Chipotle: The One That Got Away From McDonald’s

Photograph by Tim Boyle/Getty Images

AOL + Time Warner.
Daimler + Chrysler.
Bank of America + Countrywide.

The Corporate Hall of Shame is wallpapered with press releases from decades of regrettable mergers.

It’s time to tack one on from a split, however amicable: McDonald’s 2006 divestiture of Chipotle Mexican Grill, in which the world’s biggest restaurant company let go of what would rapidly become the hottest restaurant brand in the land. Chipotle has disrupted everything up and down the food chain, forcing everyone from Taco Bell (YUM) to Chili’s to scramble to stay relevant. And for what? When it sold out completely seven years ago, after ramping Chipotle up from 16 locations to more than 500, the Golden Arches pocketed $1.5 billion. Chipotle, which has since tripled its store count, is now valued at just more than $13 billion.

Shares of the fast-casual burrito roller are up 44 percent this year and 1,316 percent since its initial public offering in January 2006. Chipotle commands a price-earnings ratio of 45, more than twice that of its longtime parent. It’s increasing earnings and sales at 20 percent and 28 percent, respectively, compared with McDonald’s at 1.5 percent and 2 percent, according to data compiled by Bloomberg.

Amazing to think now, but Chipotle, a torchbearer for eating out thoughtfully and sustainably, was for a long time controlled by the very symbol of mass-produced, agro-heartless fast food. Mickey D’s should rue the day that it let it go.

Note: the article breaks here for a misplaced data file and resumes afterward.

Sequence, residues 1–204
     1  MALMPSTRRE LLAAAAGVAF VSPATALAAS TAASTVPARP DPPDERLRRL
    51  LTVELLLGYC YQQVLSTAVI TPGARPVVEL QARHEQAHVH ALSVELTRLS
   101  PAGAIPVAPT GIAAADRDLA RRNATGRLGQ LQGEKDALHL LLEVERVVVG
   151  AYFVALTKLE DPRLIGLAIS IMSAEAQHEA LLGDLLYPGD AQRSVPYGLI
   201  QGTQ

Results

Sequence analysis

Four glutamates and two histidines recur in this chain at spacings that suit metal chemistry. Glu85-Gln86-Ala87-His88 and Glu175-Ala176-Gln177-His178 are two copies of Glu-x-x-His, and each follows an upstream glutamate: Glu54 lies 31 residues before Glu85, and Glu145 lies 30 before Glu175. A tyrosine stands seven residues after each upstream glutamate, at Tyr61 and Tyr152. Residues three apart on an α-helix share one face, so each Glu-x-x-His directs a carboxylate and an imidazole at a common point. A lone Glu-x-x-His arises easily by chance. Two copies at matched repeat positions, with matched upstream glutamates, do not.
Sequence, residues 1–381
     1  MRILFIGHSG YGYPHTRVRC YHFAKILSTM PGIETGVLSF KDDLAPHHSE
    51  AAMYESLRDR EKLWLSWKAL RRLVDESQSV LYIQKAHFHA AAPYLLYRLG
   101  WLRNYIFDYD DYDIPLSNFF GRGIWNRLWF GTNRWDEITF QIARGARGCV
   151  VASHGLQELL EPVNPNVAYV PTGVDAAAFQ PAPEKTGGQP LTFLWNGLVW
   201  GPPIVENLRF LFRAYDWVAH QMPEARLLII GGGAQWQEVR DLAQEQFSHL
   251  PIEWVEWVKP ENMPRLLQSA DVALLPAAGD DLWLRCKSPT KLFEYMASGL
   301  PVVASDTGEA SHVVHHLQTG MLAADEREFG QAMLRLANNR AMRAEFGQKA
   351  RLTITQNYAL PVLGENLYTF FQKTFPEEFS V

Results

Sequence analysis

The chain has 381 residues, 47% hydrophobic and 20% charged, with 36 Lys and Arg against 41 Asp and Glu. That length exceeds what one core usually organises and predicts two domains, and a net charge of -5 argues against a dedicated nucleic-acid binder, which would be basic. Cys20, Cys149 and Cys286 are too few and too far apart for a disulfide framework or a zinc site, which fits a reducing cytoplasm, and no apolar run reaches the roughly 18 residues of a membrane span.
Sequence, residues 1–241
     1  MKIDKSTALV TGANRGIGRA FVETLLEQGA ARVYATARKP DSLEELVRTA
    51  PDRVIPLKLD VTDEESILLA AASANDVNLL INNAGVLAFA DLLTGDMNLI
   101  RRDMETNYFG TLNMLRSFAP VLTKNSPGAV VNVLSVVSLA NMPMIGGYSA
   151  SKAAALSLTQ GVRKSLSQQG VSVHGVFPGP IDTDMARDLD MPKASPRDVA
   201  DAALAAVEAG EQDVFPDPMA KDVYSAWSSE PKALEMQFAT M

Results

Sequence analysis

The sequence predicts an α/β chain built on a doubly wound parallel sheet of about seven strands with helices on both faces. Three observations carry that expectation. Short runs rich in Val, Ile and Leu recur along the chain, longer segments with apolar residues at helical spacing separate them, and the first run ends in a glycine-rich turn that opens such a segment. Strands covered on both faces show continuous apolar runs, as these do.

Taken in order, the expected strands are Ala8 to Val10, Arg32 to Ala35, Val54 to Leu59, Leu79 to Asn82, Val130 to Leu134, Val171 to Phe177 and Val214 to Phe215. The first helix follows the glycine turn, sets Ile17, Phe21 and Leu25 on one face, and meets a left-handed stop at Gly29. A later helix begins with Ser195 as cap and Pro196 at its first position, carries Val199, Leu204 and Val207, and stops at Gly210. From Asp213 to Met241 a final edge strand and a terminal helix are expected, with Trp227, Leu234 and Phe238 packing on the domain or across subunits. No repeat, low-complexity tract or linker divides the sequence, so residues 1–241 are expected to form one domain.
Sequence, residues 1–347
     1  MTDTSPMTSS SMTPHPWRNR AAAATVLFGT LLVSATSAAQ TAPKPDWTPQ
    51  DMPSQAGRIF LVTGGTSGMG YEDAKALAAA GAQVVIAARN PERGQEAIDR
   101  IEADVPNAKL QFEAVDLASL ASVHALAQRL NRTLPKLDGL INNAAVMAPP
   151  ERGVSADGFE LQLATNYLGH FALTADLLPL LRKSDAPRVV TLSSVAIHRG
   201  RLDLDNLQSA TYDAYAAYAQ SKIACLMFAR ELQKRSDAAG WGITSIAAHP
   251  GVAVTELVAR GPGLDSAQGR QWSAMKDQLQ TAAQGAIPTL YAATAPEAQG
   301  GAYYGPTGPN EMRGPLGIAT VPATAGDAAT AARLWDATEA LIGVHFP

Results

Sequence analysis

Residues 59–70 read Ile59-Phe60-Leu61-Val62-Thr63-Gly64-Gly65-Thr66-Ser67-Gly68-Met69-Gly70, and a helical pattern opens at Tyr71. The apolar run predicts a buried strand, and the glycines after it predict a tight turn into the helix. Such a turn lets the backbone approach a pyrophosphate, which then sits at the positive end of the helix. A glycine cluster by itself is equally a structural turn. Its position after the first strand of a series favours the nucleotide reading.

In early 1998, when McDonald’s took its minority stake, Chipotle was a 14-store experiment based in Denver. By 2005, with 460 Chipotles covering the map—the chain was adding 100 restaurants a year, many with lines literally out the door—McDonald’s had increased its ownership to 90 percent of the subsidiary (its total investment was about $360 million). But instead of riding the hyper-growth story, Big Mac & Co. opted to spin it off to focus on its core burgers and fries.

“I think McDonald’s had such a huge system that they thought Chipotle could never be meaningful enough when they sold it off,” says Lynne Collier, a managing director with Sterne Agee who covers the sector. “It turns out Chipotle is probably the best restaurant brand created in 10 or 15 years, with the best growth and profit metrics in the industry. I do think about how it could have been for McDonald’s had they kept it.”

Competitors would kill for Chipotle’s numbers. Collier calculates that each new outlet brings in yearly sales of $2.1 million, which then throws off cash flow (earnings before interest, taxes, depreciation, and amortization) of $574,000. Consider the $800,000 average investment to open a new Chipotle, she notes, and you have an average “cash-on-cash” return of 72 percent ($574,000 divided by $800,000). That compares with 25 percent to 35 percent for the rest of the industry.

“McDonald’s,” Collier says, “probably regrets it.”

“McDonald’s remains focused on serving our 69 million customers around the world every day,” a spokeswoman for McDonald’s says.

For its part, Chipotle, which is now celebrating its 20th anniversary with more than 1,500 locations in 44 states and four countries, is hardly nostalgic for the McDonald’s years.

“I’ve never thought that we reached Chipotle’s full potential during the time with McDonald’s,” said founder and Chairman Steve Ells in a recent interview.

“Think about the systems at McDonald’s,” he added. “It’s a very mechanized world, where you take out a highly processed patty. This frozen puck. You put it on a grill. You put it on a machine. You push a button. It beeps when it’s done, right? How are you going to attract top performers to fill that function?”

(So stings the wrath of an ex.)

Meanwhile, McDonald’s is again starved for ideas and growth, while just about every brand in the restaurant biz is trying to sneak the word “chipotleonto their menus.